Climate Change Powered the Mediterranean’s Unusual Heat Wave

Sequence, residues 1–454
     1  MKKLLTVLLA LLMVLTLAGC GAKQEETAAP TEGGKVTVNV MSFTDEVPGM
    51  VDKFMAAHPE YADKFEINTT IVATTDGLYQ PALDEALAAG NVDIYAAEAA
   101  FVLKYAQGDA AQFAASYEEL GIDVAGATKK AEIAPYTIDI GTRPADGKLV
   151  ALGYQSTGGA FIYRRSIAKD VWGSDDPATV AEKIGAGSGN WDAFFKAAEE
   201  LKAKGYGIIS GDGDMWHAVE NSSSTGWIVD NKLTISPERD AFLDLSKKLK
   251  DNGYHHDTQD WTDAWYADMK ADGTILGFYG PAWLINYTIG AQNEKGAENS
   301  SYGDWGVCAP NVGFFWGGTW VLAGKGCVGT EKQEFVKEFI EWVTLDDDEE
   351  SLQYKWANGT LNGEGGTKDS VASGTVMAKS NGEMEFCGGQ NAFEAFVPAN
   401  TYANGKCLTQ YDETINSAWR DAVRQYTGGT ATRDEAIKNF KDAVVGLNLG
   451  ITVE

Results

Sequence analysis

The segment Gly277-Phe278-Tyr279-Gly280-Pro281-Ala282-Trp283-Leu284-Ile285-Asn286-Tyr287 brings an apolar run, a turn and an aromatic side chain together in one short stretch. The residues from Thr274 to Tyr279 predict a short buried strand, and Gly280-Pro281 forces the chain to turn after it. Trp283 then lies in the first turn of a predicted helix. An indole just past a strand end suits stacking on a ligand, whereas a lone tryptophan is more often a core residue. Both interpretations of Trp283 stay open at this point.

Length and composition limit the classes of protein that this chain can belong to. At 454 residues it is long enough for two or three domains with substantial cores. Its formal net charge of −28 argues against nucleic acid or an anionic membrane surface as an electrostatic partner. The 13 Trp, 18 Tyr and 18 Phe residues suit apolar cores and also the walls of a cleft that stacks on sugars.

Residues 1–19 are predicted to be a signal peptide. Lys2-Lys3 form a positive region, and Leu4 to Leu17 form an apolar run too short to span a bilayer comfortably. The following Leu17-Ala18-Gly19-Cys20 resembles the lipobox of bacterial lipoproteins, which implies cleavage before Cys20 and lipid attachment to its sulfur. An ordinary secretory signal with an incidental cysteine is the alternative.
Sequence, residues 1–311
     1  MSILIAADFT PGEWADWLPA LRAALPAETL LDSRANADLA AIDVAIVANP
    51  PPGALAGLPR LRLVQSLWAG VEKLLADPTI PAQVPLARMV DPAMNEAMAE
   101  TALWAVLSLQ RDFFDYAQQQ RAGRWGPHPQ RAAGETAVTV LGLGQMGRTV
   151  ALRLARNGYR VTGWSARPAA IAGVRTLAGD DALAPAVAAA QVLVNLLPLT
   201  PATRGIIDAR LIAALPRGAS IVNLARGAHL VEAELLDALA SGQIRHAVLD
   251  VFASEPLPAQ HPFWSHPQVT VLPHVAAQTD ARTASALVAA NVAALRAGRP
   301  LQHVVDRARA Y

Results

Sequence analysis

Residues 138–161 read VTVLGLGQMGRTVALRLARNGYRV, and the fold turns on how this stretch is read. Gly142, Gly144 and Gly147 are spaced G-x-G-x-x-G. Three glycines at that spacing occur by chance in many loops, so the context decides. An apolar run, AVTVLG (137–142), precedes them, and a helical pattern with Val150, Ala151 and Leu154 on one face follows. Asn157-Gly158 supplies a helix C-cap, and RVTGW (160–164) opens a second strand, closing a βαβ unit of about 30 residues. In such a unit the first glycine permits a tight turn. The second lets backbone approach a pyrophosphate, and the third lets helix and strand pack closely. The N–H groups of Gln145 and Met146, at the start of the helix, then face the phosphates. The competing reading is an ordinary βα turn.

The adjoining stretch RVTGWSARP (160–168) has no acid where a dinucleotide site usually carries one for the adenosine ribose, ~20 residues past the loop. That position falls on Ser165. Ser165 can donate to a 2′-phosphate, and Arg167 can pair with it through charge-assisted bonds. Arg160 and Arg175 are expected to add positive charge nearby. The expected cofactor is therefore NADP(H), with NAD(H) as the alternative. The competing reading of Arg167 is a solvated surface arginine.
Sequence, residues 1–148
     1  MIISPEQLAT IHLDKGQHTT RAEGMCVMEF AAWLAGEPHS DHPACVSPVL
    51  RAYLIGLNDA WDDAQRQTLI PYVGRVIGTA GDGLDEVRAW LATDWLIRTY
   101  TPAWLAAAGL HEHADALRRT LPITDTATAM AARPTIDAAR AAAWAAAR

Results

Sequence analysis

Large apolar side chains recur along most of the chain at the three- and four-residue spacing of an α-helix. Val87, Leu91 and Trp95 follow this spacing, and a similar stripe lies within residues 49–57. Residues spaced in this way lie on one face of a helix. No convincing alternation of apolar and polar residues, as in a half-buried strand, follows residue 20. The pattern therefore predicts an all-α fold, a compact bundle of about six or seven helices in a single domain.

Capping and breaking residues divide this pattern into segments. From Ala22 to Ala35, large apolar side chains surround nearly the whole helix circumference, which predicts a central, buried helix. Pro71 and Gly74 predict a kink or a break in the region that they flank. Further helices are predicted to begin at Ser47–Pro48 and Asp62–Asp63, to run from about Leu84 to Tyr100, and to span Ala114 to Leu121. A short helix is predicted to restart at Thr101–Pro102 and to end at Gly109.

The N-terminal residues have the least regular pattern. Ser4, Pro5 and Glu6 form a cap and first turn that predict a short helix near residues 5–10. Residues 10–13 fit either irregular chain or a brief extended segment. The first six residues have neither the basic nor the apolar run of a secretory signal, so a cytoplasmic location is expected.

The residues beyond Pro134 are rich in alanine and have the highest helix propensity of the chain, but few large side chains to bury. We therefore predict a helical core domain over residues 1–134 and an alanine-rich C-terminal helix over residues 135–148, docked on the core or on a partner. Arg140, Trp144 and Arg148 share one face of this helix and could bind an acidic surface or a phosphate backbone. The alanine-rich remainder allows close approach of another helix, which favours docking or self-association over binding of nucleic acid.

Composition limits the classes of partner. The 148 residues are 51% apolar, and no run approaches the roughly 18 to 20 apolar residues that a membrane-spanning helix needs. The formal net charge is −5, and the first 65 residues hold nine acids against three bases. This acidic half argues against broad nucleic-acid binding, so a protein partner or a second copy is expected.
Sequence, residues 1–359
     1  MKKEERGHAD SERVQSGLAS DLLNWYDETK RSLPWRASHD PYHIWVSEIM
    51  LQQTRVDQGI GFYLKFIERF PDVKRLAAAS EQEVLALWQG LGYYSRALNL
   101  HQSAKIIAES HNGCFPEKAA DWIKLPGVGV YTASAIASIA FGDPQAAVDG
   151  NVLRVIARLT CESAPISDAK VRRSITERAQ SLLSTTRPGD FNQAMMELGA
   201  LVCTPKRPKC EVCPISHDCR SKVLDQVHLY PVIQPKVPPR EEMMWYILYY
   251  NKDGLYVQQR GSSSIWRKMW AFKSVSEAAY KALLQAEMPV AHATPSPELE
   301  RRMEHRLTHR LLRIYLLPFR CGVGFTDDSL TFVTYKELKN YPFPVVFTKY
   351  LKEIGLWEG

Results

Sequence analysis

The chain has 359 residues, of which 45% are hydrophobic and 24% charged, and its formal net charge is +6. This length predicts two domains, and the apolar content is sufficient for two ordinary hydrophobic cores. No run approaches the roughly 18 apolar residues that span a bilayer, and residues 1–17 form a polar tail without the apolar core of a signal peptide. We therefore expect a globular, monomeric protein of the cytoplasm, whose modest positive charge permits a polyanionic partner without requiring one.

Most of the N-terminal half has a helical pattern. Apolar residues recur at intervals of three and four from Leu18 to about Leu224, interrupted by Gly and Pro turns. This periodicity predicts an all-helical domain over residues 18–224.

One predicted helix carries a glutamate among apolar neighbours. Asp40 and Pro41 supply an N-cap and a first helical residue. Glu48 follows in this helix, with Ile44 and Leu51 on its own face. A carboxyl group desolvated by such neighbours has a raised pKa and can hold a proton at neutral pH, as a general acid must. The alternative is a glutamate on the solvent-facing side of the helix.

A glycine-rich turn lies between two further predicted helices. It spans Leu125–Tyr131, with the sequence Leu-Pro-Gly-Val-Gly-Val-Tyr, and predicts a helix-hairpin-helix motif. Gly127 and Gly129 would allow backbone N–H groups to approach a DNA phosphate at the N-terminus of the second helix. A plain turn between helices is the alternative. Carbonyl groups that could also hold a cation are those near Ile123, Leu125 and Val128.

that broiled parts of Algeria, Morocco, Portugal and Spain last week almost certainly would not have occurred without human-induced climate change, an international team of scientists said in . A mass of hot, dry air from the Sahara parked itself above the western Mediterranean for several days in late April, unleashing temperatures that are more typical of July or August in the region. Mainland Spain set an of 101.8 degrees Fahrenheit, or 38.8 Celsius, in the southern city of Cordoba. In Morocco, the mercury climbed to in Marrakesh, according to provisional data, very likely smashing that nations April record as well. A three-day stretch of such scorching heat in April is already quite rare for the region in the planets current climate, with just a 0.25 percent chance of occurring in any given year, according to the new analysis. But it would have been almost impossible in a world that hadnt been warmed by decades of carbon emissions, said Sjoukje Philip, a climate scientist at the Royal Netherlands Meteorological Institute and an author of the analysis. Because of climate change, last months hot spell was at least 3.6 degrees Fahrenheit warmer on average than a similarly improbable one would have been in preindustrial times, the scientists found. The Iberian Peninsula and North Africa have been grappling with drought for years. Scant rainfall in Morocco has harmed wheat yields and increased the nations imports. Food prices there are rising rapidly. Heat and poor rains last year in Spain, which is Europes biggest producer of olive oil. The is the highest its been in 26 years. Water scarcity has already had significant effects on livelihoods in the region, said Fatima Driouech, an environmental scientist at Mohammed VI Polytechnic University in Morocco and another author of the new analysis. And the future, unfortunately, is not expected to be better, she said. Extreme heat can also set the stage for devastating wildfires. Last year was since records began in 2000. Fires in 2022 burned more than 780,000 acres of land in Spain, the continents worst-affected nation, and 270,000 acres in Portugal. Climate scientists have no doubt that global warming is making severe heat more likely and more intense on every continent. But to determine precisely how big that influence is for any single weather episode, they need to perform what is called an attribution analysis. They use computer models to study the same event in what is effectively two alternate histories of the global climate: one that is responding to the effect of decades of greenhouse gas emissions, and one that isnt. Scientists have used this approach to examine not just heat waves, but , and , too. The analysis of Aprils heat was conducted by researchers associated with , a scientific initiative that investigates extreme weather events soon after they happen. The new analysis hasnt yet been peer reviewed or published in a scientific journal, though it relies on widely accepted methods. Weather forecasters worldwide are bracing for a big shift. For the first time in three years, the global climate pattern known as is expected to materialize, most likely later this year. It isnt yet clear how strong this El Nino will be or how long it might last. But in general, the phenomenon is associated with above-average global temperatures. Coming on top of the planets steady warming from the burning of fossil fuels, the development of El Nino could lead to more record-breaking temperatures in many places this year. is a climate reporter. He joined The Times in 2017 and was part of the team that won the 2021 Pulitzer Prize in public service for coverage of the coronavirus pandemic.